LWF urges Uganda to protect vulnerable women
In a Shadow Report to the CEDAW committee, partners call on governments to support women in refugee communities
(LWI) - The Lutheran World Federation (LWF) and partner organizations working in Uganda are calling on the government of the East African nation to enact reforms and implement existing legislation on the protection of women in vulnerable refugee, host and post-conflict communities.
The call comes in a Shadow Report submitted in January to the UN’s CEDAW committee which monitors compliance with the Convention on the Elimination of all forms of Discrimination Against Women. The convention, which entered into force as an international treaty in 1981, provides a framework for States to tackle discrimination and promote equality for women in both public and private spheres. The committee meets twice a year and countries are examined approximately every four years. The government of Uganda ratified the convention in 1985 and domesticated some of the provisions into its constitution.
The LWF has been working in Uganda since 1979, mainly supporting agricultural production and other income-generating activities, as well as providing emergency relief and longer-term protection for refugees and internally displaced people fleeing from conflict or natural disasters. Uganda is the largest refugee-hosting country in Africa with over a million and a half people residing mainly in settlements. Although the country has seen significant economic growth over the past decade, around a quarter of the population remains on the poverty line.
Participants at a CEDAW consultative meeting in Nyumanzi refugee settlement in Adjumani district, northern Uganda
In the new Shadow Report, LWF and partners highlight the urgency of taking measures to end gender-based violence (GBV) against vulnerable women and girls, both the refugees themselves and members of their host communities. The report calls on the Ugandan government to fast track the establishment of permanent GBV special courts in these communities and to increase resources for the justice sector to provide faster and more efficient handling of all such cases.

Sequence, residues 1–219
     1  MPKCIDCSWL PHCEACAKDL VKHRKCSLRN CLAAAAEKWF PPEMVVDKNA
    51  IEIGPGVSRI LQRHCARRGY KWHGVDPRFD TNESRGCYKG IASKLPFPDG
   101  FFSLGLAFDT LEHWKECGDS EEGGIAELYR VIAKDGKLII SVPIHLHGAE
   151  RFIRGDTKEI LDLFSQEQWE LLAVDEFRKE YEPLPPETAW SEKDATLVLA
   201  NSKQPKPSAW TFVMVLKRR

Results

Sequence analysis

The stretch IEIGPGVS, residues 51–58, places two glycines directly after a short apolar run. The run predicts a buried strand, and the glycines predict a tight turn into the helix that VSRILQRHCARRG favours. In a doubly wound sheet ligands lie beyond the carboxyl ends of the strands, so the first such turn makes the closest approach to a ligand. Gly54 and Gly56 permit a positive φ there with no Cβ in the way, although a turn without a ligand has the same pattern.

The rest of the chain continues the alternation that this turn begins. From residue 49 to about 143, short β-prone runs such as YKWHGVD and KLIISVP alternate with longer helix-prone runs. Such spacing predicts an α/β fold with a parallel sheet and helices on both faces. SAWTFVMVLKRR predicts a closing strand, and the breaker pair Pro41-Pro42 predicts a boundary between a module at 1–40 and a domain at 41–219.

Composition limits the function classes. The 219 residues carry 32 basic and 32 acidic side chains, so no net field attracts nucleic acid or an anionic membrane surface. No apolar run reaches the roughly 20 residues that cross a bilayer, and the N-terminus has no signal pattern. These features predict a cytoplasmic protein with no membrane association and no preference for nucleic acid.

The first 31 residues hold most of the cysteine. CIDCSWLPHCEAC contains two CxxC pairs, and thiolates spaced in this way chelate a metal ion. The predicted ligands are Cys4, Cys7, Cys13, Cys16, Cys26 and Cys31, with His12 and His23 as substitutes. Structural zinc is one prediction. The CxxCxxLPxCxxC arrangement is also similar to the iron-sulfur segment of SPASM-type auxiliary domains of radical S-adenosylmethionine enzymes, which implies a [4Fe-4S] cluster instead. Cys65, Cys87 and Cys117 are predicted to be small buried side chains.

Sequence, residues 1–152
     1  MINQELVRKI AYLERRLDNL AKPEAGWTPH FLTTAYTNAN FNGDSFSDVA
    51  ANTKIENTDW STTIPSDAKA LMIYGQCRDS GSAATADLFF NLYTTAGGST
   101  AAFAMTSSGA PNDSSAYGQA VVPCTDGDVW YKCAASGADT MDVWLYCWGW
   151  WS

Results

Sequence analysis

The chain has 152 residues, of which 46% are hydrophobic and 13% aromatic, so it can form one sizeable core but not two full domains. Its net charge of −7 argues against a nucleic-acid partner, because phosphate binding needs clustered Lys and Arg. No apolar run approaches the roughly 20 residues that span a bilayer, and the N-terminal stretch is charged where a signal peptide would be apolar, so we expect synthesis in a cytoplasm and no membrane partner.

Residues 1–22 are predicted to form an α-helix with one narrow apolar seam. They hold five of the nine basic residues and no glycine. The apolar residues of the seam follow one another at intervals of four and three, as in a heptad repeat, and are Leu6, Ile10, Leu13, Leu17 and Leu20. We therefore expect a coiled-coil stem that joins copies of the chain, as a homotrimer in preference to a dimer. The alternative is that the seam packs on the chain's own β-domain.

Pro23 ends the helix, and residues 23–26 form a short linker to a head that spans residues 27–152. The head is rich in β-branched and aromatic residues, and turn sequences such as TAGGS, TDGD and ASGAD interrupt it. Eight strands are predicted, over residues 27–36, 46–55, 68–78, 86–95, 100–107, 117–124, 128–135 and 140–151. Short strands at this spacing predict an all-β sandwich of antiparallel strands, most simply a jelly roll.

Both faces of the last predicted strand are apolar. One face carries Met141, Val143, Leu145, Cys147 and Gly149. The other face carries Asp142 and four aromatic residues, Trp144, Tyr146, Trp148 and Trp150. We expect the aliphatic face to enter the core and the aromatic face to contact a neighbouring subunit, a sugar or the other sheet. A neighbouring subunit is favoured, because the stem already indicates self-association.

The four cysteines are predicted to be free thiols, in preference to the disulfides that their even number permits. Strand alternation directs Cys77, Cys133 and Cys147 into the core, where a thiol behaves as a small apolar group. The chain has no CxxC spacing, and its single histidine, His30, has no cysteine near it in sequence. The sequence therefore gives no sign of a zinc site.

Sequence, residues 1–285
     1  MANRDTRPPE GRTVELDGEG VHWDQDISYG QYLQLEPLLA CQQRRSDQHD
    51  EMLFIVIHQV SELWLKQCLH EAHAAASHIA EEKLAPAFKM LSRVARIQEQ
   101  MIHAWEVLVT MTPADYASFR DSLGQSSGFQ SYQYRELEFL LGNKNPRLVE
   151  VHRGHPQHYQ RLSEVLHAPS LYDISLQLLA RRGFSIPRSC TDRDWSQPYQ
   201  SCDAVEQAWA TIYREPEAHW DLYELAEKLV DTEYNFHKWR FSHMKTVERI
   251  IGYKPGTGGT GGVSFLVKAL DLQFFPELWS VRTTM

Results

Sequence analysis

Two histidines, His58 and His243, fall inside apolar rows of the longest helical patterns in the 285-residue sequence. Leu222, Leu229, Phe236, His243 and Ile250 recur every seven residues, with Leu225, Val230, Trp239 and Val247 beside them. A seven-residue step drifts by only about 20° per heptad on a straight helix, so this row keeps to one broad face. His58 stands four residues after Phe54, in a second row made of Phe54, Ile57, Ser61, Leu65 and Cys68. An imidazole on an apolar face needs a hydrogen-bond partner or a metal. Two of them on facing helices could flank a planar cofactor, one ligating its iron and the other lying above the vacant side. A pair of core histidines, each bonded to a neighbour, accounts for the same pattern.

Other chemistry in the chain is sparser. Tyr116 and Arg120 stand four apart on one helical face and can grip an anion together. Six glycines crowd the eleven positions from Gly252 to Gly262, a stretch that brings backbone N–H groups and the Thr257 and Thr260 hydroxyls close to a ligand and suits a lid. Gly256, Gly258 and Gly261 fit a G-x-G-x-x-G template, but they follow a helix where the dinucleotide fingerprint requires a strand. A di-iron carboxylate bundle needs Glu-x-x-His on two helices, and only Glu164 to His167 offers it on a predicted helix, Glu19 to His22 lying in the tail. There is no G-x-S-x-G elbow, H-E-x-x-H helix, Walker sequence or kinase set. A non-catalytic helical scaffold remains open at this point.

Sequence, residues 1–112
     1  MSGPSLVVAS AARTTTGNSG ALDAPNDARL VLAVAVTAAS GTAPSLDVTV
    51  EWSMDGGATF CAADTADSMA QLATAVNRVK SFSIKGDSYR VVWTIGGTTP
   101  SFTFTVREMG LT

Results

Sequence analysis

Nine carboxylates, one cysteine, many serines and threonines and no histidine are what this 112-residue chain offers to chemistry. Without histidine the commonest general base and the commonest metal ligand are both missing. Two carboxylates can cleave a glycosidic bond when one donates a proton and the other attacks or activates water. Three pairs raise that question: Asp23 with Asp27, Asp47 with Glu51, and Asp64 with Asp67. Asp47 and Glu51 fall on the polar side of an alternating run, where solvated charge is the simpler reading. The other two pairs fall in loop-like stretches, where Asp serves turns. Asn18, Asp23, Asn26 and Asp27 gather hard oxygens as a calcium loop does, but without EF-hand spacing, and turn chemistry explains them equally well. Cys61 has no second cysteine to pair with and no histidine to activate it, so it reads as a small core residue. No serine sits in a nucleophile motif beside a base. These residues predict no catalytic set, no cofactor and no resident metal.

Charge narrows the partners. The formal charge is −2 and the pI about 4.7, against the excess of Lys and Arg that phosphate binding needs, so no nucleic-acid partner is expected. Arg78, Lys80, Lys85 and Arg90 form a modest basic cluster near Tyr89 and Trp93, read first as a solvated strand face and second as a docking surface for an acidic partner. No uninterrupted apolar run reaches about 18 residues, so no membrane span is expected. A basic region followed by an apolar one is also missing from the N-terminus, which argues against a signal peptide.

Other recommendations include the need to establish protection shelters and provide holistic care for survivors of sexual violence, to sensitize women and men in vulnerable communities about prevention of harmful practices such as early marriage and to empower paralegals who can provide timely counselling and support. One refugee woman, interviewed by LWF staff in the northern Adjumani district said: “Some of the traditional practices that discriminate against women in the settlement include wife inheritance, denying women the right to attend family meetings and blaming women for producing only one sex of children.”
Participants at a CEDAW consultative meeting with the host community at Wanziri village in Adjumani district
LWF works in partnership with local justice actors in Uganda to set up mobile court sessions and legal aid clinics to ensure justice for GBV survivors. In 2019, faith groups were able to influence a new law calling for stringent penalties for perpetrators but cases remain under-reported and there is an urgent need for closer cooperation between the police, the judiciary, health authorities and community leaders to strengthen referral pathways for survivors.
The Shadow Report also identifies education, healthcare, including reproductive health services, and participation in public life as key areas where the government could take steps to strengthen the rights of women and girls, especially in remote, rural areas. Particularly in the wake of the COVID-19 pandemic, when many girls were unable to access online education, it urges the government to increase budgetary allocations to build classrooms, train teachers, increase electricity access and promote inclusion for pregnant students, teenage mothers and people with disabilities.